Something in the Rain (2018) -- Thoughts about the ending
This was a show that I had watched and dropped after 5 episodes. After ending its run locally and on Netflix, I thought... well... I have a Netflix subscription... I might as well see how it ends. I was also quite aware of the online clamour regarding the ending and its prelude so that piqued my curiosity.
I can't say I was all that surprised by Episode 15. It seemed to me a long time in coming. What surprised me wasn't that the couple broke off their rocky relationship but that they managed to hold it together as long as they did considering the shaky foundations from which they began. Jin-A, who was the main reason why I dropped the show, was more or less in the same place mentally that she was in Episode 5. Certainly she'd gotten bolder on the work front but in the area that probably mattered most to her, she was still riddled with indecision. In that regard I think the show was extraordinarily consistent and realistic in how the romance resulted. In fact, I would go so far as to say that if it had ended in Episode 15, it would have worked just as well. Or something akin to a La La Land type ending. The ending of 15 was exactly right. It wasn't just a lack of communication which tore the couple apart... ultimately it was a lack of honesty. Not of the cheating kind but the weight of unspoken frustrations finally causing the relationship to collapse. Even though Jin-A made the decision to move out of home, she was still trapped in the same mental state of wanting to keep everyone happy. In reality of course nobody was happy, herself included. Moving out of home wasn't about freedom for her but a kind of "no-man's land" in a war zone that she was ill-equipped to fight. It was a place she'd hope to navigate the rough seas of placating her family on some level while still trying to maintain her relationship with Jun Hui.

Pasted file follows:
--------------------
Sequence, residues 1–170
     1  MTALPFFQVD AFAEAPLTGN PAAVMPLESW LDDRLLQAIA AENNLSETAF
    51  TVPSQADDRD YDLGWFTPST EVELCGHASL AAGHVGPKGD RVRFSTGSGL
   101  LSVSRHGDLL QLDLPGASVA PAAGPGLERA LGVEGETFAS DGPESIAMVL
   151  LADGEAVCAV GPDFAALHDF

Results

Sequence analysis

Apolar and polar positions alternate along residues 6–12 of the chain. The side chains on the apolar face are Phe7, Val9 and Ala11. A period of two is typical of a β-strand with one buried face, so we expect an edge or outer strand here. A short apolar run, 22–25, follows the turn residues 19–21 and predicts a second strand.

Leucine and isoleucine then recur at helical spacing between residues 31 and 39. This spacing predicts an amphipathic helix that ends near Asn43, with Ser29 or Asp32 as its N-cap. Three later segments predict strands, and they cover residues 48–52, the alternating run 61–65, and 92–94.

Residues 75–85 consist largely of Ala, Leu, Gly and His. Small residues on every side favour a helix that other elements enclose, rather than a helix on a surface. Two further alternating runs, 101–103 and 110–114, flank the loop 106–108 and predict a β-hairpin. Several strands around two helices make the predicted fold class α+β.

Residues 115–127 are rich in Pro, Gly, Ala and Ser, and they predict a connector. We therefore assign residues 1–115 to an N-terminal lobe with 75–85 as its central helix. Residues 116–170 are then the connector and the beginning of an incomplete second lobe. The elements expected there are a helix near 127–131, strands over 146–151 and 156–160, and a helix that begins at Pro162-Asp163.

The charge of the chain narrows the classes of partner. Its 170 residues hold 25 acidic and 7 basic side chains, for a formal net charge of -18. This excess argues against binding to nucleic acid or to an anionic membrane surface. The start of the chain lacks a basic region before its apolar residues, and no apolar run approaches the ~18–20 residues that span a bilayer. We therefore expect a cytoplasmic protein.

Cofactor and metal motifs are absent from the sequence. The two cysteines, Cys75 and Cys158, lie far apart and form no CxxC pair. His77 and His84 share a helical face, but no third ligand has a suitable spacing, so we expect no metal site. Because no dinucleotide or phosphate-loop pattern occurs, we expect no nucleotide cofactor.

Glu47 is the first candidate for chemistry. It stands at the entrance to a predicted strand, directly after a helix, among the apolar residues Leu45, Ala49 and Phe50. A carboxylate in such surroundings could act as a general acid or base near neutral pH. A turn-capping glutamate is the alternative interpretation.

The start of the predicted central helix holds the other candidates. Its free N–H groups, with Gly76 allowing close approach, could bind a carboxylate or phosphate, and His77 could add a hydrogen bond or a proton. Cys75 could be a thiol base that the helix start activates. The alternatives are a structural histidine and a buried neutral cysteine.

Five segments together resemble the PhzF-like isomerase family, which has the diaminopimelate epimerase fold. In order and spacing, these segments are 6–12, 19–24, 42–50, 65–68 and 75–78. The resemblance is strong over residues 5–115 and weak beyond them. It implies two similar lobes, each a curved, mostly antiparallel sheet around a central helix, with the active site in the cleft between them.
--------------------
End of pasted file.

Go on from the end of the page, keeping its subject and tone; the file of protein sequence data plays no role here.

The beginning of their relationship resembled, it seemed to me, an intense secret love affair -- a socially forbidden relationship that took place in secrecy in its early stages. Fearing family disapproval, they lied about the true nature of their relationship to their nearest and dearest. Because they had put the cart before the horse, the foundation for their relationship was essentially quite weak because they leapt into not prepared to deal with the whirlwind that would follow. Passions came first and they went along with that but in the end for a fundamentally socially conservative girl like Jin-A, she was ill-equipped to deal the pressures that came her way and the ramifications that the relationship would have on her family. I saw the writing on the wall even before Episode 5. There was plenty of heat in that relationship but the lack of honesty it seemed to me demonstrated a clear reluctance to take a strong stand on the underlying issues. I always felt that JA enjoyed the pleasures of the relationship without wanting to deal the negatives. Would JA and JH have the wherewithal to conduct their relationship openly? Did JA especially have the will to make that decisive break necessarily for the relationship to move to the next stage and even flourish? In the end, they were 2 people mugged by reality. JA is a family oriented, daddy's girl at heart. Her affair with JH was something out of her comfort zone. True to form, her first instinct is to compromise. The terms of engagement were framed as a zero-sum game and in the end she chose the familiar and the family over starting afresh with JH overseas because the foundations there ran much, much deeper. I believe they both understood (in varying degrees) after all the pressures placed on them, what it would take to keep their relationship together but JA just couldn't cross their bridge.